Temporal coupling in Fibers and Fibers vs State Machines.

Ron Pressler ron.pressler at oracle.com
Wed Feb 19 21:20:16 UTC 2020

> it means you have to start caring at a function level "Is this running on a fiber pool or a regular pool”.  

I don’t think it does.

Every abstraction, pretty much by definition, hides some implementation details.
Java’s Map and List interfaces hide the cost of their operations; parallel streams
hide the number of processors, and threads hide the implementation of a scheduler.

If you’re writing a real-time application you might care a great deal about
the implementation of the scheduler — whether it handles priority inversion, whether
it works in a strict round-robin fashion etc.. Other times, you might care less.
But guess what? Reactive frameworks *also* hide the implementation of the scheduler.
IIRC, the Reactive Streams specification allows the scheduler to schedule all operations
onto a single thread, and make all operations blocking. So you need to care about
the implementation of the scheduler to the same extent, whether you’re writing 
synchronous or asynchronous code. Just as you pick a scheduler for your asynchronous
code, you can pick one for your synchronous code.

So I don’t see how threads make caring about scheduling more or less important. They
just offer a different way of expressing the same computation, a way that happens to
be more in line with how the Java platform — that’s largely organised around the thread
abstraction — is designed.

- Ron

On 19 February 2020 at 20:36:05, Thomas May (tmay at clearwateranalytics.com(mailto:tmay at clearwateranalytics.com)) wrote:

> > Martin's concerns are, if by composition he means what I think he means, if
> you could set up pieces of computation and functionality and combine them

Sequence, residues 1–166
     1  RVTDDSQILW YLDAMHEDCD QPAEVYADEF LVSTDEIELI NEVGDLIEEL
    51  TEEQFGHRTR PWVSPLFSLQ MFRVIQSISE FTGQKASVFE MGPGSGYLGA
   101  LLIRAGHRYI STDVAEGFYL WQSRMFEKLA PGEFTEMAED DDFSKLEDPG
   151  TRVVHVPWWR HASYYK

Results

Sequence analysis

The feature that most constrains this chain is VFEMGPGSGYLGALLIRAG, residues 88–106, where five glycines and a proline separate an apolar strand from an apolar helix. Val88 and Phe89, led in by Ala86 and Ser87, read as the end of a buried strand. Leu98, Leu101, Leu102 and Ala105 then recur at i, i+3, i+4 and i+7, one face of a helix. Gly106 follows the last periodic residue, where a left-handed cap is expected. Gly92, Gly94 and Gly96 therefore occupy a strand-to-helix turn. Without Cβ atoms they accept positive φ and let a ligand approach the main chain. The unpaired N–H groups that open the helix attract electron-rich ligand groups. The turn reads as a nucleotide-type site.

> into larger components. If so, these components can have state and those
> state could change in response to stimuli from other components. Reactive
> is one of such approach that has individual pieces - operators chained up
> on a dataflow have internal state tracking when and how their peers can
> send data and commands to each other. Loom's, and Kotlin's Coroutines
> instead say you compose via the source code itself, by writing larger and
> larger methods encompassing a lot of imperative operations. If you have
> such a method, but for some uses need some retry code, you may be out of
> luck and have to code yet another set of methods to include that
> functionality.
> I believe the concerns are more that things like "CompletableFutures" are hard to intuitively
> compose correctly.
> For example, think of a graph of Futures. Now imagine you want to conditionally traverse the graph
> based on node the values returned by each future and cancel the rest based on some condition.
> With CompletableFutures and traditional threads, that's really difficult without introducing a lot of blocking
> on some thread. In fact, it's pretty much impossible using the composition methods available. You are
> forced to call `.join()`. This is isn't so bad with loom backed completable future but it is a killer for the standard FJP.
> On the flip side, async/await syntax handles this sort of thing pretty much right out of the box. The awaits all
> allow the current thread to go do something else useful and, as a bonus, are pretty easy to read. The
> downside is the colored function problem.
> I believe that is where the composition statement comes into play. Futures and promises are hard
> to compose correctly. They end up looking ugly and hard to read. Loom helps here, but ultimately,
> it means you have to start caring at a function level "Is this running on a fiber pool or a regular pool".
> If the answer is a regular pool, you run serious risks calling .join() if your code is also executing within the same pool.
> Just my two cents.
> I still like the loom approach simply because it eliminates the colored function problem without adding
> extra cognitive burden.
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